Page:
Selected for an immersive art residency on Loggerhead Key, Carl Stoveland and Shannon Torrence, aka the Flying Tortuga Brothers, spent 30 days off the grid, creating the best work of their careers.
Ever since the release of Robinson Crusoe in the 1700s, there’s been something romantic about being marooned on a deserted island and living with the rhythms of nature. That kind of solitude demands self-reliance and, presumably, brings out the castaway’s true grit.
But what if that castaway is an artist? What effect might the off-the-grid life have on the creative process? And what groundbreaking art might surface as a result?
These are questions at the heart of the National Parks Service and National Parks Arts Foundation’s annual artist-in-residence program, and they hold particularly true for a location as remote as Loggerhead Key in Dry Tortugas National Park. This year, the 30-day residency on the uninhabited island was awarded to Lake Worth Beach artists Shannon Torrence and Carl Stoveland, who adopted the moniker Flying Tortuga Brothers and spent September 2020 on location, creating a documentary, podcast, and portfolio of photos and paintings, all with zero access to the outside world.
Conditions, as photographer and multimedia artist Stoveland tells it, were rudimentary at best. “We were living almost like lighthouse keepers from the 1800s. We had our own procedure for collecting water from the ocean and processing it through reverse osmosis. We used solar power and kept logs for everything we used. Nothing was mainstream and nothing was easy.”
“We lived by the sun and the moon,” says Torrence, who paints Florida-themed landscapes and seascapes. They had to bring everything they needed and couldn’t resupply, so they ate one square meal a day and a lot of granola in-between.
The weather was a formidable challenge. Most of the time the temperature gauge hovered around 90 degrees “with a good 80 to 90 percent humidity,” says Stoveland. Adds Torrence: “We were praying for rain.”
Boy, did they get it. Toward the end of the trip, three solid days of violent thunderstorms, wind, and swells humbled them to the force of nature. With a renewed conviction that humans are often powerless to control their surroundings, they learned to move with the caprices of the weather and the shifting light. And their work was better for it.
One of the highlights, the artists agree, was the night sky. Around the middle of the residency, the new moon created the perfect conditions for viewing the Milky Way with the naked eye. Stoveland was awestruck. “I’ve shot the Milky Way before, in the Everglades, but I had never seen it like this,” he says. “It stretched across the entire sky. I had never seen that many stars. It stopped me in my tracks.”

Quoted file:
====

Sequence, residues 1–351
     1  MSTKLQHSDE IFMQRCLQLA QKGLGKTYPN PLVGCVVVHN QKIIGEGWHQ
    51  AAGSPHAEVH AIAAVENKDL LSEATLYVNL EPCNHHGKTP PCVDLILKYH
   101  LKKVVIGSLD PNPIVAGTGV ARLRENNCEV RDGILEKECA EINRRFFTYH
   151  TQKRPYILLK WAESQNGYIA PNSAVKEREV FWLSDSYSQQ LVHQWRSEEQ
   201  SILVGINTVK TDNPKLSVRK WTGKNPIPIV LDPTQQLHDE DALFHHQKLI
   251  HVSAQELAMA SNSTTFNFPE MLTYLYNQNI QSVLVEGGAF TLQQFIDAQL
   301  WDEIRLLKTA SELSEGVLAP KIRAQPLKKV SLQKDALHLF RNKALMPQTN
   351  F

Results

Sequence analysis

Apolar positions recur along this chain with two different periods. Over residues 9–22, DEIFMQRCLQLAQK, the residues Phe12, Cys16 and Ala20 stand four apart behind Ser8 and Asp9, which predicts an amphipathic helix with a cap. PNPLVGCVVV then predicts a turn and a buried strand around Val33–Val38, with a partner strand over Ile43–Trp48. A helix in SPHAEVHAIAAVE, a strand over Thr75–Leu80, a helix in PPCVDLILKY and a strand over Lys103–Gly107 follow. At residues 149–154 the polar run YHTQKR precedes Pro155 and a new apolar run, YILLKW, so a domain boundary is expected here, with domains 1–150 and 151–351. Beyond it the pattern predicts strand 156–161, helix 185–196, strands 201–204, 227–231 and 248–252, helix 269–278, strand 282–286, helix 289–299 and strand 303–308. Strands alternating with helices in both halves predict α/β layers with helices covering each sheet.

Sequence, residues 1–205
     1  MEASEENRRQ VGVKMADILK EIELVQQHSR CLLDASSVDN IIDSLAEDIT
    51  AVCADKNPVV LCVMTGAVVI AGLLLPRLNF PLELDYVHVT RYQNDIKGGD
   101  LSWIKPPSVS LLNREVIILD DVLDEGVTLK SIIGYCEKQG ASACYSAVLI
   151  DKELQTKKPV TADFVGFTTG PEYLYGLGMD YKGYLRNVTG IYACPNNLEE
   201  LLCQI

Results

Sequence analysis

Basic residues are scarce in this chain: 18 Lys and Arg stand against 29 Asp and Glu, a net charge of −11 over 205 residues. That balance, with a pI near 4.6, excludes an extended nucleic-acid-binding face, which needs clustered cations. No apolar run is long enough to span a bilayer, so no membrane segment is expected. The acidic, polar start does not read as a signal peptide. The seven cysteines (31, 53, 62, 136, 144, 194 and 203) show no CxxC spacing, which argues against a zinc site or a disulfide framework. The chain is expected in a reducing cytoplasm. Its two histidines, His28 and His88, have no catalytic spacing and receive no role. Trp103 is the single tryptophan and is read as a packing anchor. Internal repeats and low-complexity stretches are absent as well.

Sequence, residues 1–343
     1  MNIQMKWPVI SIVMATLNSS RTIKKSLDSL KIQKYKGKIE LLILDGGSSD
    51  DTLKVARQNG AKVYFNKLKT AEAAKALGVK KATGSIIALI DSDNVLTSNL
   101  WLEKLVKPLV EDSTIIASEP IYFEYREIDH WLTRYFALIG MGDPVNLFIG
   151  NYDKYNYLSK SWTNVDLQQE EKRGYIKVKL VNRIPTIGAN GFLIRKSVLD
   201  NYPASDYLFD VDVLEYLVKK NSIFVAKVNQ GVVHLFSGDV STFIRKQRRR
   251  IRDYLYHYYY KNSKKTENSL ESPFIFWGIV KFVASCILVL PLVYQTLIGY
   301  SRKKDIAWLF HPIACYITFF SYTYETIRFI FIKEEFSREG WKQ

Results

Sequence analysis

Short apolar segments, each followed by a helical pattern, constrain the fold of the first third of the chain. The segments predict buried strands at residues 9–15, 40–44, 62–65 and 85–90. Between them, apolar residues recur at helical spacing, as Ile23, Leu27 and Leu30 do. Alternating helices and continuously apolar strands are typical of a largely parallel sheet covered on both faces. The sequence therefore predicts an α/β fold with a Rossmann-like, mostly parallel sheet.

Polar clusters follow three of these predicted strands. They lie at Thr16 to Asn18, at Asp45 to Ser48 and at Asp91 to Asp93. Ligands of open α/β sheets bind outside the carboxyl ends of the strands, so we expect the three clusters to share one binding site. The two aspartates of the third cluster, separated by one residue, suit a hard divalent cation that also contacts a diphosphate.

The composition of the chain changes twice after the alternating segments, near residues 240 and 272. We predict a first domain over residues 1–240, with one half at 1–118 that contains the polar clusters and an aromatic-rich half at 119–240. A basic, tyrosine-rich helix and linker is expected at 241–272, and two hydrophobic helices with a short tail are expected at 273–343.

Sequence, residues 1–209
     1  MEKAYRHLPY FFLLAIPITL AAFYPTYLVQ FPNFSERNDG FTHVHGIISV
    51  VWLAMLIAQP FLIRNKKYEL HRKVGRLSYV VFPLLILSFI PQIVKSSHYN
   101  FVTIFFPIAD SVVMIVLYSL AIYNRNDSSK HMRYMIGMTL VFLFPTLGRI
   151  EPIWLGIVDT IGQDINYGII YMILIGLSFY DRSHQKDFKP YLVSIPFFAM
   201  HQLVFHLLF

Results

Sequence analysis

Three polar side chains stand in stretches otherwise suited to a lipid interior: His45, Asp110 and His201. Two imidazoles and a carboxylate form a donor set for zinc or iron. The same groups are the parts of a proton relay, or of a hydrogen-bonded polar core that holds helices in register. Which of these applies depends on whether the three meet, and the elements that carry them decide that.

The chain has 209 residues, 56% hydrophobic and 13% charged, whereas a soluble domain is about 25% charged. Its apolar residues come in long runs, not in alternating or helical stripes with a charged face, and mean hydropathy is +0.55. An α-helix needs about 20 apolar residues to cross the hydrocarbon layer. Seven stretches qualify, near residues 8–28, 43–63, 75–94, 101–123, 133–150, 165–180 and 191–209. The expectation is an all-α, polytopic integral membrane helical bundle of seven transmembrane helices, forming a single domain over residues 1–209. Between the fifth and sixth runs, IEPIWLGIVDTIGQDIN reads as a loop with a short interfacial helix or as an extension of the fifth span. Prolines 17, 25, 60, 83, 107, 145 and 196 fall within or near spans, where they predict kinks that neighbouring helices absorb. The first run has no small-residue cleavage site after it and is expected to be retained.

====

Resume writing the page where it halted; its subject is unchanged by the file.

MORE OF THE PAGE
But nothing compared to the water. “Hemingway referred to the water in this part of the world as ‘the stream,’” Torrence says. “I finally understood what he meant. The water here, it’s almost holy. Dark water flows in one direction and turquoise water in another, and you get this vibration. It looks alive.”
By the end of the month, both Torrence and Stoveland had been transformed by the challenges and splendors of the 49-acre island in the Gulf of Mexico. They’d run through the gamut of emotions—“You go from being ebullient to impossible to be around,” Stoveland says—and had gained a new appreciation for the conservation of wild places.
“The island was small, and it felt like our island,” Torrence says. So, when they saw single-use plastics and other trash wash up on the beach, they took it personally. “If people would experience what we did, the magic of this place, they’d think before [polluting].”
Nothing tells the story better than their art, which, admittedly, they’re still processing. A&C is thrilled to offer the first glimpse into the artists’ personal journals and creative journey, and to shine a light on the awesome beauty of this slice of the tropics.
(Note: All photos by Carl Stoveland, all paintings by Shannon Torrence)
I’ve arrived on the island having broken my big toe the week before. I’m off to a slow start with my camera; getting around the island has been a bit tough. Mornings start with coffee before the sun comes up. We’re falling in with the rhythm of the island, up before the sun and ending the day just after sundown. The exception is late nights spent shooting the Milky Way. Mornings are a bit cooler and the only sounds are the waves, which sound a bit like road traffic to me, and the occasional falling coconut. It’s a perfect way to start the day. — Carl Stoveland (C.S.)
The storms rolling in at the beach just behind the house are powerful and mesmerizing. They move in quick and strong. I’m fascinated by having so much big sky to work with, and the absence of buildings, roads, and evidence of any human intrusion. This image is an homage to Clyde Butcher. When I moved to Florida, I wasn’t sure what was there for me photographically. At the advice of a friend, I looked up Clyde Butcher, and ever since then he’s been an inspiration to me. — C.S.
September 7, Loggerhead Lighthouse (Afternoon)
I finished another painting yesterday, bringing the number of completed paintings to three. However, this is not the best news. I have had a vision. I can see the painting already finished in my mind. It is of a pirate and a ship just offshore. The site is at the southern tip of Loggerhead Key; we are calling it The Spit. The water in this place is extraordinary because so much shallow sand surrounds this area. — Shannon Torrence (S.T.)
Planning has paid off for me. I knew that the moon would start setting earlier around the 8th and the new moon was about a week later. These days I spend most of my nights out with my camera chasing the stars. Often Shannon joins me for a while and we watch the shooting stars as the Milky Way crosses the horizon from east to west, and there are long intervals where words don’t pass between us. It’s awe-inspiring to see so many stars. Such a peaceful, contemplative feeling. — C.S.
September 12, Marooned
Having completed the pirate painting and found some vintage photo albums in the keeper’s house, I feel a strong feeling of timelessness. It has led me to think of the many lives spent on this small sliver of land. I think I will play. Take a chance at including figures into the landscape. What’s the worst that can happen—I fail? I have no critic here. So I have begun The Keeper’s Lights. It will take days, as did the pirate. Questions to work out. —S.T.